New Delhi, Oct 3 (udaipur kiran) Chief Justice Ranjan Gogoi on Thursday reprimanded lawyers for having a casual outlook on the order and nature of arguments in the Ayodhya title dispute, against the backdrop of the October 18 deadline.
The apex court is in the midst of an expedited hearing and had urged counsel for both sides to extend their full cooperation on the agreed scheduled and scope of the arguments.
The Chief Justice pulled up senior advocate Sushil Jain, representing the Nirmohi Akhara, for calling the expedited hearing in the dispute a “20-20” match.
Jain, having a quick chat with lawyers, before rising for final submissions before the court, said: “Now, let me join the 20-20 match.”
This comment was considered irrelevant by the Chief Justice.
“What is this. Mr. Jain? I did not like the way you described it, what is this 20-20 match? Ok, let it be a test match, continue to go on with your arguments. You have argued for four and half day, and now, at this stage you call it a 20-20 match,” said the Chief Justice in a strong tone.
As Jain immediately expressed regret on his comments, Chief Justice Gogoi replied: “We do not appreciate it the way you are explaining it… what is this? Tomorrow it will come in the press, this 20-20 match.”
Jain then apologized.
A five-judge bench headed by the Chief Justice is hearing the matter daily since August 6, and structured a plan to wrap up all the arguments on the dispute on or before October 18.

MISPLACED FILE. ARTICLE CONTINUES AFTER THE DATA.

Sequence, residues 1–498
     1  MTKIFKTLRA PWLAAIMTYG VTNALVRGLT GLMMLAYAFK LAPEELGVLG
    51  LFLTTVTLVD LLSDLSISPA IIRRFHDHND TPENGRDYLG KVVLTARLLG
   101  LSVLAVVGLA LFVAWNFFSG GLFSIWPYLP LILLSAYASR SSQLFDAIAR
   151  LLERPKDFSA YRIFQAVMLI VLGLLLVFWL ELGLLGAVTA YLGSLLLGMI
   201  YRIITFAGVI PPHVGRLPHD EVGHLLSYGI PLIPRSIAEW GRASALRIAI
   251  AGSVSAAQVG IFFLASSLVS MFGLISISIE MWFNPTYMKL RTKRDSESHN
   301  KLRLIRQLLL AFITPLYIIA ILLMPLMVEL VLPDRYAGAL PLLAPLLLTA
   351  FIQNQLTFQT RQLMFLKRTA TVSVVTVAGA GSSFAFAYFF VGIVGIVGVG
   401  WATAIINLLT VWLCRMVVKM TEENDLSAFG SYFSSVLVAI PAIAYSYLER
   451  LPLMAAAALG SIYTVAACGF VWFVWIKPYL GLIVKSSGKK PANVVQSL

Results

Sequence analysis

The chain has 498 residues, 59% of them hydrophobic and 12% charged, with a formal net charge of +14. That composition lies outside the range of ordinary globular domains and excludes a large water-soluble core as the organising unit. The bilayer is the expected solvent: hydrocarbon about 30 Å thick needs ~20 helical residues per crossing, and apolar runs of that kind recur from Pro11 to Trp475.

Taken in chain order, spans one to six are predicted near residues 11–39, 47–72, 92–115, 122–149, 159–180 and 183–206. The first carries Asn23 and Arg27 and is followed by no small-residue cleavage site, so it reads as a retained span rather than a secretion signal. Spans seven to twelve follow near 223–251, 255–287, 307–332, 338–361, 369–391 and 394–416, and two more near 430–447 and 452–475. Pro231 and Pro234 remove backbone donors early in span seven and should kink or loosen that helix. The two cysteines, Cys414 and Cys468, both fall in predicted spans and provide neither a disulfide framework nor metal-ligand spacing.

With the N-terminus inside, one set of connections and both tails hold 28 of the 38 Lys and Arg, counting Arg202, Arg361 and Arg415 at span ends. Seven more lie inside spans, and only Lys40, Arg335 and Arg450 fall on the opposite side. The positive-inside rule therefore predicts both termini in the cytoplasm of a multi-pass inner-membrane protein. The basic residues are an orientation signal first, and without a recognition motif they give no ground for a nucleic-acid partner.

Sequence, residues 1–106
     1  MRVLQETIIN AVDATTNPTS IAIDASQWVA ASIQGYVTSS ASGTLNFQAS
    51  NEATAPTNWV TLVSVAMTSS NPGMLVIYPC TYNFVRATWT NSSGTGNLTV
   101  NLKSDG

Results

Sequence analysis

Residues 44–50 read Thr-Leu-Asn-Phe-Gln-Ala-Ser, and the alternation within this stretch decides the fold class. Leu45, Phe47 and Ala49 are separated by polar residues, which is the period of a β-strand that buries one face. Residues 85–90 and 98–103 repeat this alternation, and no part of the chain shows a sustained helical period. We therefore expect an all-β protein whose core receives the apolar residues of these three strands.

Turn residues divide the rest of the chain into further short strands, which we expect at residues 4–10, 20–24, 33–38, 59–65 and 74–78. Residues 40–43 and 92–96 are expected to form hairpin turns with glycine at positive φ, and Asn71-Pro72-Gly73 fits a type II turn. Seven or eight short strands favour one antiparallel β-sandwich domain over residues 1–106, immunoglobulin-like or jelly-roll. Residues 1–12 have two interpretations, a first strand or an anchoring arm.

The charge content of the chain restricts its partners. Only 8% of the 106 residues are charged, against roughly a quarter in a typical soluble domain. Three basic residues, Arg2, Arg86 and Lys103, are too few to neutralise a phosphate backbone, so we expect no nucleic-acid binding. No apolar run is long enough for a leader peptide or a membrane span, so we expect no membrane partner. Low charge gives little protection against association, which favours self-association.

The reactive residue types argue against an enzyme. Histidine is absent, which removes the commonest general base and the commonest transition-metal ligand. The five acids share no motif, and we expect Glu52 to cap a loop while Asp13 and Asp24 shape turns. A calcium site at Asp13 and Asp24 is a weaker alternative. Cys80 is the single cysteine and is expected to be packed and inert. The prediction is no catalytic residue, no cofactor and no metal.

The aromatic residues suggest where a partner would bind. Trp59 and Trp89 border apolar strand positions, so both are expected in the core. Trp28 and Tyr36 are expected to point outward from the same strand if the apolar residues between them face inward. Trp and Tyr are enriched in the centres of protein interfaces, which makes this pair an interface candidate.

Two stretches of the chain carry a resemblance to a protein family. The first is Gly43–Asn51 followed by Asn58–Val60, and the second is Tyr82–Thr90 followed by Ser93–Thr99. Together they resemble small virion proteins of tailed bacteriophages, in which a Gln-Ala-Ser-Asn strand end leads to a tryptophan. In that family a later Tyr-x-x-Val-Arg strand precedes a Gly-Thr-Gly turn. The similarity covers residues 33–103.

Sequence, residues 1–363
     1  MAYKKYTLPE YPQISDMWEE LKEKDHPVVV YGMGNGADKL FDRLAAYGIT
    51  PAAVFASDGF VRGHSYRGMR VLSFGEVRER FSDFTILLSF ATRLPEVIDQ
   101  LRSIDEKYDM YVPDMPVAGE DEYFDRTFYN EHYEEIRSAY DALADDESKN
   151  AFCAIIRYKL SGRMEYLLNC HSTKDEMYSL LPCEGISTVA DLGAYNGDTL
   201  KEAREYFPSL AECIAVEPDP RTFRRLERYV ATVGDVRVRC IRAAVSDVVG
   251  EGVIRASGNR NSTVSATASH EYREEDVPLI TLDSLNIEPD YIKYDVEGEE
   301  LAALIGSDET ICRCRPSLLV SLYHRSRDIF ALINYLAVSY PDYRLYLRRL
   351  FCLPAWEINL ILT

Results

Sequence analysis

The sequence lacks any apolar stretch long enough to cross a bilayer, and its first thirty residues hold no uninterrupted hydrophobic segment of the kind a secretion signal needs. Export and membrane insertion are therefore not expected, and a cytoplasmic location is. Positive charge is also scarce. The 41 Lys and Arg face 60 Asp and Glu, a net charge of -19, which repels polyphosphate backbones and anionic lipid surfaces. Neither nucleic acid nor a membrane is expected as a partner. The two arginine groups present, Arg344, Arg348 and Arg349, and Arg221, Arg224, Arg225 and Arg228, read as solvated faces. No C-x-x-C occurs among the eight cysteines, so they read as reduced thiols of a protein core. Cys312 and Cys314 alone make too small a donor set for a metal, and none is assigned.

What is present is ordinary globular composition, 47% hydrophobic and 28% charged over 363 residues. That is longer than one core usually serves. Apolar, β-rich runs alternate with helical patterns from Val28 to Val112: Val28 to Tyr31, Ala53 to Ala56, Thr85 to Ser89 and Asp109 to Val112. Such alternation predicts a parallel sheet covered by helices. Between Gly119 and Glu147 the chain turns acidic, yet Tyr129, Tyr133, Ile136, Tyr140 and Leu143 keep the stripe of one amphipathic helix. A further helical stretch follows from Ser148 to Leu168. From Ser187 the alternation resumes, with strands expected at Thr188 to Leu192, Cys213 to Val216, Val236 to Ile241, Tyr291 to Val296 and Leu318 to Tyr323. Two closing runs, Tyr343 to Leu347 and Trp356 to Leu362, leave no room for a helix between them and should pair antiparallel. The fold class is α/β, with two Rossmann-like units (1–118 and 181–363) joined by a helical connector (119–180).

The Chief Justice also disallowed senior counsel P.N. Mishra, representing a Hindu party, to raise Ram Setu, as an evidence to counter Muslim parties’ argument.
Objecting to it, senior counsel Rajeev Dhavan, representing the Sunni Waqf Board, had said: “This is new evidence, if permission is granted for it, then it will become a continuous argument.”
Chief Justice told Mishra: “You need to confine your arguments to their (Muslim parties’) reply.”
Justice D.Y. Chandrachud also told Mishra if something is shown to them, which is confined to the main argument, then they can consider it. The Chief Justice then asked Mishra to turn-off his microphone to continue his argument.
Later, Mishra cited a Hindu dictionary, which was again objected by the opposite parties, and the CJI intervened again.
“We cannot take into account new evidence at this stage. You are in the first appeal. We have already indicated the scope of arguments. How can we go on like this?” he said.
As Mishra described his submissions relevant to put before a Constitution bench hearing the matter, the CJI reprimanded him, saying that merely, five judges are sitting on the bench does not make it a Constitution bench, and in fact, it is a larger bench, and queries of such nature should be placed before a Constitution bench.